MARINE CORPS AIR GROUND COMBAT CENTER TWENTYNINE PALMS, Calif. --
Combat Center service members remembered the life and death of a hero who dutifully performed his job of saving Marines with no regard to his own life as it comes closer to the anniversary of his death Nov. 8, 2005.
Robert E. Bush received the Medal of Honor for his heroic actions during the Battle of Okinawa in the midst of World War II.
“If you had the chance to ask him about his heroism, he would tell you he didn’t do anything out of the ordinary,” said Senior Chief Petty Officer Rodney S. Ruth, the senior enlisted leader and director for medical services, who has heard many stories and read a lot about Bush. “He would say he did what he was trained to do; take care of his Marines, which he did to the best of his abilities.”
Bush is remembered by the corpsmen that follow in his footsteps and care for the Marines they serve with. Robert E. Bush Naval Hospital in Twentynine Palms, Calif., was named after the Medal of Honor recipient in 2000.
“Whenever we walk through the front hallway we see the pictures of Robert E. Bush and it reminds us of what we strive to be like,” said Petty Officer 2nd Class Christopher Demetrulias, the career counselor for the hospital.
Bush’s story began when he dropped out of high school at age 17 to join the Navy Medical Corps, where he was assigned to 2nd Battalion, 5th Marine Regiment, 1st Marine Division. Less than a year later he was partaking in an amphibious assault on Okinawa, Japan, for what later was considered the longest and bloodiest battle in the Pacific theater of World War II.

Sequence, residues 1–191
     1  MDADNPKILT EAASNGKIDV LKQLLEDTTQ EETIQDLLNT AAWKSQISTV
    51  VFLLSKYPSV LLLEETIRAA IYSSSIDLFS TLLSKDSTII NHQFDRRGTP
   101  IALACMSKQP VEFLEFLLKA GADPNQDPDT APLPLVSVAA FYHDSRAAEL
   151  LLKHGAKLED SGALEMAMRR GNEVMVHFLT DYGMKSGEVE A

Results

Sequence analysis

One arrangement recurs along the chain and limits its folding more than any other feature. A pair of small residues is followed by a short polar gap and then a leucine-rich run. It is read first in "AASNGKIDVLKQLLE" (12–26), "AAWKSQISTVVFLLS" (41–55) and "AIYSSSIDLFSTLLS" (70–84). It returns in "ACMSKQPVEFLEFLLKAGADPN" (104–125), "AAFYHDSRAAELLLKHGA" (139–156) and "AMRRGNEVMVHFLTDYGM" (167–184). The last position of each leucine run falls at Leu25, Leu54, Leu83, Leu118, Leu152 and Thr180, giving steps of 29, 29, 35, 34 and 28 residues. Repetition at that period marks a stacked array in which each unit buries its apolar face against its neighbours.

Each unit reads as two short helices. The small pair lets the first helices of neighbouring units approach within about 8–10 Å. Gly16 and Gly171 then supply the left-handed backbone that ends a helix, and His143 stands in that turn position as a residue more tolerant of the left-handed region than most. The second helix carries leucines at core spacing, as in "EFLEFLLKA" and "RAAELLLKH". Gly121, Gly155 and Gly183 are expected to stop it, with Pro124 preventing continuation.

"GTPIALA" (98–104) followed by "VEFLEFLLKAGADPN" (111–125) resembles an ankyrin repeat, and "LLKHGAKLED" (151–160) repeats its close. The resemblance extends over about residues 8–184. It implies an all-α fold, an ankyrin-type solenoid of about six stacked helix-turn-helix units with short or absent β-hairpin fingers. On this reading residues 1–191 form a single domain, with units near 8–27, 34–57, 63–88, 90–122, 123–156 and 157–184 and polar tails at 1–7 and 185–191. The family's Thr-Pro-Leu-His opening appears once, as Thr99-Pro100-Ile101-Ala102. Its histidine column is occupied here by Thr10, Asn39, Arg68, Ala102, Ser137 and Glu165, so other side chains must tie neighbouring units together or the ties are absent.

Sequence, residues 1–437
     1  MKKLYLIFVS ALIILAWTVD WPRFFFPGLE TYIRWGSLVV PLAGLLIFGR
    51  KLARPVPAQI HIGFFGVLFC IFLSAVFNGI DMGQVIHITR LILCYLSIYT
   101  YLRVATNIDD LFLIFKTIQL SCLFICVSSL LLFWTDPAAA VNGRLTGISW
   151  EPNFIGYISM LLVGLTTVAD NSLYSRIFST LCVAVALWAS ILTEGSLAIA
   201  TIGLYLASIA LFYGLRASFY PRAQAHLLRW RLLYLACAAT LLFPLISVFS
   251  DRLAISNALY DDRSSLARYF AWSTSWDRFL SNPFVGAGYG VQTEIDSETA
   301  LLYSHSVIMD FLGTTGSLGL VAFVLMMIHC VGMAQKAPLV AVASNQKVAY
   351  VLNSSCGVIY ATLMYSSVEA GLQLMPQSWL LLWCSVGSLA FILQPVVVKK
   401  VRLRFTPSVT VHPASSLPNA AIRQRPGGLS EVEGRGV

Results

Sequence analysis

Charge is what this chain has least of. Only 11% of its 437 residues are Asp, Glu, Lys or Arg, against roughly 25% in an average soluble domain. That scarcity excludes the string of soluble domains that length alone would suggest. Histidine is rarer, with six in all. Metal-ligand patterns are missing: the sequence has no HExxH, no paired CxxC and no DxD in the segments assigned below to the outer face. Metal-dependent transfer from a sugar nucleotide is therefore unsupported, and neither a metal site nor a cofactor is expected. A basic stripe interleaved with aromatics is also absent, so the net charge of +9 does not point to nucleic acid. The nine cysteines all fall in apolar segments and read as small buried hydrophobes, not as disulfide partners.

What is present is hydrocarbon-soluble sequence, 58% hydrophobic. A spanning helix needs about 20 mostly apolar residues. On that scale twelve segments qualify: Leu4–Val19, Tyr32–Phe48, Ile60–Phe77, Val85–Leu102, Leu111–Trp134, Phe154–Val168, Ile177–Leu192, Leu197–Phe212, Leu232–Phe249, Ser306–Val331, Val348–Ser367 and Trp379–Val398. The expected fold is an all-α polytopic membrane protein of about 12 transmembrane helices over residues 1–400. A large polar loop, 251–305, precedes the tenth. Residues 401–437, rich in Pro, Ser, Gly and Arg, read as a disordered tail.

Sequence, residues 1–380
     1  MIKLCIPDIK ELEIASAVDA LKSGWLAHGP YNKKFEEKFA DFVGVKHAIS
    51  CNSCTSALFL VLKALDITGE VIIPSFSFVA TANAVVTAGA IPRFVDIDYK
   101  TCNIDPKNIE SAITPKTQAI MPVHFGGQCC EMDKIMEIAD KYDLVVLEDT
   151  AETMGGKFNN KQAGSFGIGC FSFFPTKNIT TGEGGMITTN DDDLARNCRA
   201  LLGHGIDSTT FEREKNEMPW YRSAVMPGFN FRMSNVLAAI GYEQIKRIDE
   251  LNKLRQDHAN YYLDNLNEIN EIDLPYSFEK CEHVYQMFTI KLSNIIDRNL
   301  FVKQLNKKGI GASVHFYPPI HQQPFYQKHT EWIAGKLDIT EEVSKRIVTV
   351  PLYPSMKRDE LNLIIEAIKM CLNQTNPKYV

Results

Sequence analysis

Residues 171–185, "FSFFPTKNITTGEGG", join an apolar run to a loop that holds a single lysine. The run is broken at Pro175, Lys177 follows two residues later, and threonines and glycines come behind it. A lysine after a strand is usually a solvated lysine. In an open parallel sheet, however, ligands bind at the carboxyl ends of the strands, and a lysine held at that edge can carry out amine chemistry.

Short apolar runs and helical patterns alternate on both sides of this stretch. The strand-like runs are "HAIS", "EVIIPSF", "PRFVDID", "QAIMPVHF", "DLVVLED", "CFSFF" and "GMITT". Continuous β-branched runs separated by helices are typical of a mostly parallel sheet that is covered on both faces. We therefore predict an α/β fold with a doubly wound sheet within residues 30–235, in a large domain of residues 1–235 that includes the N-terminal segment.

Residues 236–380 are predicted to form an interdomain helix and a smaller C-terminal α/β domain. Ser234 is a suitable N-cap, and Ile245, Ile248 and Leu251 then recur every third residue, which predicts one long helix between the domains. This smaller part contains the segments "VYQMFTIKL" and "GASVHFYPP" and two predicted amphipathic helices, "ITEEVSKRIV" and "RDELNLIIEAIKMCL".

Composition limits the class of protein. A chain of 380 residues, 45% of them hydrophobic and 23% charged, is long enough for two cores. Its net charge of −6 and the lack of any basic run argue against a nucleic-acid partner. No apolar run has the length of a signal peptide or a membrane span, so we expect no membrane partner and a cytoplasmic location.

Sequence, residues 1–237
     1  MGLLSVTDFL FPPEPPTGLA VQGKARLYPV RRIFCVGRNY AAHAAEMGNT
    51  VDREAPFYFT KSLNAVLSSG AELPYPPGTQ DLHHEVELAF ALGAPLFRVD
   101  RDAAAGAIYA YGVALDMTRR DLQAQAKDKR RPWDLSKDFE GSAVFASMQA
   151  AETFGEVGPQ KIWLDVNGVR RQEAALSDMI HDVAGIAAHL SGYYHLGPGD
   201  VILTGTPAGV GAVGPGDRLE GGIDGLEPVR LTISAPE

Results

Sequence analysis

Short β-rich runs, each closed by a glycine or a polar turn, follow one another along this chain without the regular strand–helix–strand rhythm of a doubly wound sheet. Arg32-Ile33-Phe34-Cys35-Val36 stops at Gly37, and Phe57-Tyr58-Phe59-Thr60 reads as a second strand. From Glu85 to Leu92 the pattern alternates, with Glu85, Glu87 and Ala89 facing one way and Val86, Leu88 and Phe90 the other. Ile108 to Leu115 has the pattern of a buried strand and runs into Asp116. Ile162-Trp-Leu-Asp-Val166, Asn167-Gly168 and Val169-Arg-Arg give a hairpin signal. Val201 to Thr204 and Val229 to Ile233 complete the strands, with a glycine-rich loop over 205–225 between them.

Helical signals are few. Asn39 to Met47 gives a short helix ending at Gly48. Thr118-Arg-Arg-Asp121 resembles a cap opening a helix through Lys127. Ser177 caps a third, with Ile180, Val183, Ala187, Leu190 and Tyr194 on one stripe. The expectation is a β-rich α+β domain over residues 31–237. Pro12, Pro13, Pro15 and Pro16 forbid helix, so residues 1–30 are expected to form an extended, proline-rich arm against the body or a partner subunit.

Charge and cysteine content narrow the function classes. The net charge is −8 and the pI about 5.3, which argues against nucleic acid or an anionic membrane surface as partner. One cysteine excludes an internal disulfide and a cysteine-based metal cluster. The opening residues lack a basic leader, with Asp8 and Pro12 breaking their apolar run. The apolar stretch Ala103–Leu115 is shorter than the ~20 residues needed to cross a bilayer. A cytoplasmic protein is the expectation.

On May 2, 1945, during the battle of Okinawa, Bush braved surrounding artillery, mortar and machine gun fire from hostile positions as he moved from one wounded Marine to another, ending on a ridgetop administering blood plasma to a Marine captain in critical condition.
During this perilous moment, the Japanese launched a counterattack, leaving Bush and the Marine officer exposed during the deadly firefight. Despite the danger, Bush continued to administer the plasma. Lifting the bottle high in one hand, Bush drew his pistol with the other and fired into the advancing enemy ranks until he was out of ammunition. He quickly grabbed a discarded carbine and continued to fire upon enemy ranks. His actions accounted for six enemy deaths.
Disregarding his own injuries, which included a loss of an eye during the counterattack, Bush refused medical attention until he had finished his main mission in evacuating the Marine officer. He collapsed as he tried to walk to the battle aid station.
“It is the Medal of Honor recipients that we take strength from,” said Petty Officer 2nd Class Jose Mata, a health benefits advisor at the hospital. “We look back and see what he did. There was a Marine captain wounded, and without a thought about himself, he killed the enemy and dragged the Marine back into safe territory, completely ignoring his own injuries.
“He shows us how to live our lives the way they should be done, not the convenient way, but the right way,” continued the Hialeah, Fla., native.
After the battle he was sent home due to his injuries where he dutifully returned to high school and married his high school sweetheart, Wanda.
Bush enrolled in classes at the University of Washington and bought a small lumber company where he spent the next 50 years building and spreading his company throughout north western United States.
Several monuments have been built in Bush’s honor including a statue of him during the war located in his hometown of South Bend, Washington, a similar statue outside the main doors of the Robert E. Bush Naval Hospital, and the Bush Health Care Clinic, located in Camp Courtney, Okinawa, Japan, was also named after him.
“He was a hero,” said Demetrulias, who met Bush during a corpsman ball years ago. “He is the epitome of what you want a green side corpsman to be.”